Latin American Herald Tribune
Venezuela Overview
Venezuelan Embassies & Consulates Around The World
Sites/Blogs about Venezuela
Venezuelan Newspapers
Facts about Venezuela
Venezuela Tourism
Embassies in Caracas

Colombia Overview
Colombian Embassies & Consulates Around the World
Government Links
Embassies in Bogota
Sites/Blogs about Colombia
Educational Institutions


Crude Oil
US Gasoline Prices
Natural Gas

UK Pound
Australia Dollar
Canada Dollar
Brazil Real
Mexico Peso
India Rupee

Antigua & Barbuda
Cayman Islands

Saint Kitts and Nevis
Saint Lucia
Saint Vincent and the Grenadines

Costa Rica
El Salvador



What's New at LAHT?
Follow Us On Facebook
Follow Us On Twitter
Most Viewed on the Web
Popular on Twitter
Receive Our Daily Headlines

  HOME | Science, Nature & Technology

New Japanese Bullet Train Reaches Speed of 382 Kph

TOKYO Ė A model of the new generation of Japanís bullet trains has been publicly presented in a test run in which it managed to reach speeds of 382 kilometers per hour (237 miles per hour), almost half the speed of an average-sized commercial airplane.

The ALFA-X began testing last year and is not scheduled to start operating until 2030, but the company responsible for its development, Japanese railway firm JR East, offered local journalists the opportunity to experience the record speeds late Tuesday.

JR Eastís E5 series is currently the fastest Shinkansen in operation, traveling at operating speeds of up to 320 kph. Those trains began operation in March 2011 and are currently running in Japan and France.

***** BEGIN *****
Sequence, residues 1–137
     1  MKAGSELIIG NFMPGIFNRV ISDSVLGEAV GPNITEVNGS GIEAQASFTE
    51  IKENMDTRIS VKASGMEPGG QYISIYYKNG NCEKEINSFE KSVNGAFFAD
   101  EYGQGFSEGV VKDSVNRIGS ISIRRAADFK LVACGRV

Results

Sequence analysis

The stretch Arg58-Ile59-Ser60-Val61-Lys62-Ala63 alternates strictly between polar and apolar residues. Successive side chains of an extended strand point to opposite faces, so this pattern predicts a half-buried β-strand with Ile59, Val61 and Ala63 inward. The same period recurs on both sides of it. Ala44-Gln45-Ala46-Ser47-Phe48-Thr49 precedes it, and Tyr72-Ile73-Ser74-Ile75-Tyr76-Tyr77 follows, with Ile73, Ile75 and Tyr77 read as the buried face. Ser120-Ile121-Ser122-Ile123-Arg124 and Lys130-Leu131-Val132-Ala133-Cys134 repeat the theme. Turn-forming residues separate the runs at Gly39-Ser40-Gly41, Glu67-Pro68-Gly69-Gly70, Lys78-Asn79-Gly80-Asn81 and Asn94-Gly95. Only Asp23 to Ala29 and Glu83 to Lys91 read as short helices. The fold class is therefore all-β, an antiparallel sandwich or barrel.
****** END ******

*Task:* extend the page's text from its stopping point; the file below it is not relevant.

But the ALFA-X can reach record speeds of up to 400 kph on traditional rail lines and in the test that was carried out around midnight it reached a speed of 382 kph.

JR East plans to use the ALFA-X to connect Tokyo with the northern region of Tohoku.

The test conducted with journalists on board covered the route between Sendai and Morioka, north of Tokyo, on the Tohoku shinkansen line operated by JR East.

Local agency Jiji Press said that the noise inside the train cars and the vibration were minimal when the ALFA-X reached 320 kph and increased slightly at 360 kph. The sound of the wind and noise from the trainís motor were only heard when the speed approached 380 kph.

The ALFA-X, which will not turn around when it reaches its destination, has a 22-meter (72 feet) long nose, which would be in the front when the train travels north to better resist the impact of the winds from that direction. The nose at the other end is 16 meters long.

The ALFA-X, short for ďAdvanced Labs for Frontline Activity in rail eXperimentation,Ē was first tested on May 10 last year and has been undergoing more periodically since then.

The latest test run is the first to be held with journalists as guest passengers.

While the ALFA-X can hit a speed of up to 400 kph, a mid-sized aircraft such as the Boeing 737 can reach a cruising speed of around 800 kph.

ďAfter one and a half years of test runs, the ALFA-X can now run with a certain level of stability,Ē Koji Asano, head of JR Eastís Advanced Railway System Development Center, said, according to Jiji Press.

The ALFA-X is not the fastest train in the world but it is so on traditional railway lines.

Japan is also developing a new Maglev line, which will begin operations in 2027 with travel at a top speed of around 500 kph.


Enter your email address to subscribe to free headlines (and great cartoons so every email has a happy ending!) from the Latin American Herald Tribune:


Copyright Latin American Herald Tribune - 2005-2020 © All rights reserved